The National Association of Home Builders’ (NAHB) U.S. Housing Market Index for August 2022 came in at just 49, down from a FactSet consensus of 54 and a low of 55 a month earlier. This is the first time since May 2020 that this index of builder confidence has fallen below the equilibrium level of 50. A year ago, the index was 75. In January this year, it was even 83 All three gauges that underpin the overall builder confidence index have fallen.
The measure of current selling conditions fell 7 points, while the component that tracks traffic from potential buyers fell 5 points. The measure of sales forecasts for the next six months fell 2 points. In August, homebuilders reported a drop in traffic from potential buyers to 32 points, the lowest level since April 2014 outside of the pandemic. All regions showed a decline in builder confidence. The declines were led by the West, which saw an 11-point drop, followed by the Northeast, with a 9-point drop, the South, with a 7-point drop, and the Midwest, with a 7-point drop. 3 points.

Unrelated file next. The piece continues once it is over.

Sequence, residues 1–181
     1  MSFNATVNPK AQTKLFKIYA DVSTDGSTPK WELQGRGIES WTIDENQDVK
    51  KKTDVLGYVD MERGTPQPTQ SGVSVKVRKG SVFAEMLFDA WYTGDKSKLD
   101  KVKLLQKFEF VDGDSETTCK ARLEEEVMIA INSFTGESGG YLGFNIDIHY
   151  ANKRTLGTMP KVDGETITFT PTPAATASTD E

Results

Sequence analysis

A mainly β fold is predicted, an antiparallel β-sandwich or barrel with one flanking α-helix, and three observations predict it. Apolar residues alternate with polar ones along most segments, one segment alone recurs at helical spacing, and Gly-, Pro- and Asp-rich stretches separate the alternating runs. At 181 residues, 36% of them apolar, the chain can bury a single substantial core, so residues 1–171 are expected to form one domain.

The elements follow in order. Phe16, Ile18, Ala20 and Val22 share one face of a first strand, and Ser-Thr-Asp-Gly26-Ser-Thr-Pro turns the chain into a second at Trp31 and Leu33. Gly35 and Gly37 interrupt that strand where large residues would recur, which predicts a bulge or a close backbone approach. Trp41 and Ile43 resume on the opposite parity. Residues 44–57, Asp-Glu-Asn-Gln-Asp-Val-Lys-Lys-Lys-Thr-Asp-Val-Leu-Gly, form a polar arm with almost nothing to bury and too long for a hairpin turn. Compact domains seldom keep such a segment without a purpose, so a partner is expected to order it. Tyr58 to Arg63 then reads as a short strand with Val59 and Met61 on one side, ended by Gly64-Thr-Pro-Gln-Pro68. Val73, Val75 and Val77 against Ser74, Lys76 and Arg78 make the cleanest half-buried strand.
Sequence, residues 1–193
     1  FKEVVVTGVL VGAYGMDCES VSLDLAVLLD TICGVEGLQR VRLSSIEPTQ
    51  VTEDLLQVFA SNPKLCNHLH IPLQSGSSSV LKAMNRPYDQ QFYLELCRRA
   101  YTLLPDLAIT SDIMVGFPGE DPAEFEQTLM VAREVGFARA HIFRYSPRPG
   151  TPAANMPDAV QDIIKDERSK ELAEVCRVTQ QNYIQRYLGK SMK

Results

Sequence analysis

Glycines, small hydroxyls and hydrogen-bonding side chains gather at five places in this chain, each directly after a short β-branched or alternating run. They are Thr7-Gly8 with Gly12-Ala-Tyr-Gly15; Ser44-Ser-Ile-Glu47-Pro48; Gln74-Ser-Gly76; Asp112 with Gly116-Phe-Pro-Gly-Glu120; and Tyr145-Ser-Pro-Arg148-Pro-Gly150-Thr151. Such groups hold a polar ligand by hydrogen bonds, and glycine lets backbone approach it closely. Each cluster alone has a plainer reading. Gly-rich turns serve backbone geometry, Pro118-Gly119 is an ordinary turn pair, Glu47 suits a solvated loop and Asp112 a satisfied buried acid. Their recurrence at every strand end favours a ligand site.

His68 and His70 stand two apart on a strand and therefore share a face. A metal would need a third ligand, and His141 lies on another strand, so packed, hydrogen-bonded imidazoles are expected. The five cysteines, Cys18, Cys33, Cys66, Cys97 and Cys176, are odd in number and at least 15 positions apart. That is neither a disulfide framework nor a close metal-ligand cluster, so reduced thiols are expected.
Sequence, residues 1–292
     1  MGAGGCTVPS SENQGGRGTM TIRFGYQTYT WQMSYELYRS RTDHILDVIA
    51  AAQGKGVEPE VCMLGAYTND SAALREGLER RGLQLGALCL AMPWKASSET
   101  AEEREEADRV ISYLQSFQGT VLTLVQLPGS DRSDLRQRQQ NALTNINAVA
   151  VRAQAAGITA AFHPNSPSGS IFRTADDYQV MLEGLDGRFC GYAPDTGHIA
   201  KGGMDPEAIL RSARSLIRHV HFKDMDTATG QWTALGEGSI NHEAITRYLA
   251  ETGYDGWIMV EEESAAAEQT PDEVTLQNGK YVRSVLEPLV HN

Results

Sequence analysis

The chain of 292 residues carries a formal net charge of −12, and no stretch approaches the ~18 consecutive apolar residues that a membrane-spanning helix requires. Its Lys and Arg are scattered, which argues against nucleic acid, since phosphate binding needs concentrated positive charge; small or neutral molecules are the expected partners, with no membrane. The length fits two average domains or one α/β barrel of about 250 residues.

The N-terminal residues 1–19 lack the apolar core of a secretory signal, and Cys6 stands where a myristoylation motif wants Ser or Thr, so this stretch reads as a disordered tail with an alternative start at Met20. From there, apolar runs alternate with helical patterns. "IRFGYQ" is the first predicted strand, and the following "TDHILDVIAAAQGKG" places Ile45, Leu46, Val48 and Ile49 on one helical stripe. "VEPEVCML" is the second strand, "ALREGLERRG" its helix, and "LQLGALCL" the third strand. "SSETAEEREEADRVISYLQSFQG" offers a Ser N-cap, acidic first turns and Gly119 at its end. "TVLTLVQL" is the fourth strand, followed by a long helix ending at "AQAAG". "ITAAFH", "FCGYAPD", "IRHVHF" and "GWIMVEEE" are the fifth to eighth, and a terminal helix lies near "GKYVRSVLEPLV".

Mortgage rates and interest rates are much higher today than a year ago, slowing demand and pushing builders to offer more incentives. One in five homebuilders told NAHB they cut prices in the past month to boost sales or limit cancellations. The median price reduction reported was 5%.
“The Federal Reserve’s monetary policy tightening and persistently high construction costs have caused a housing slump,” NAHB chief economist Robert Dietz said in a statement. Dietz expects total single-detached home starts to decline in 2022, “the first such decline since 2011.”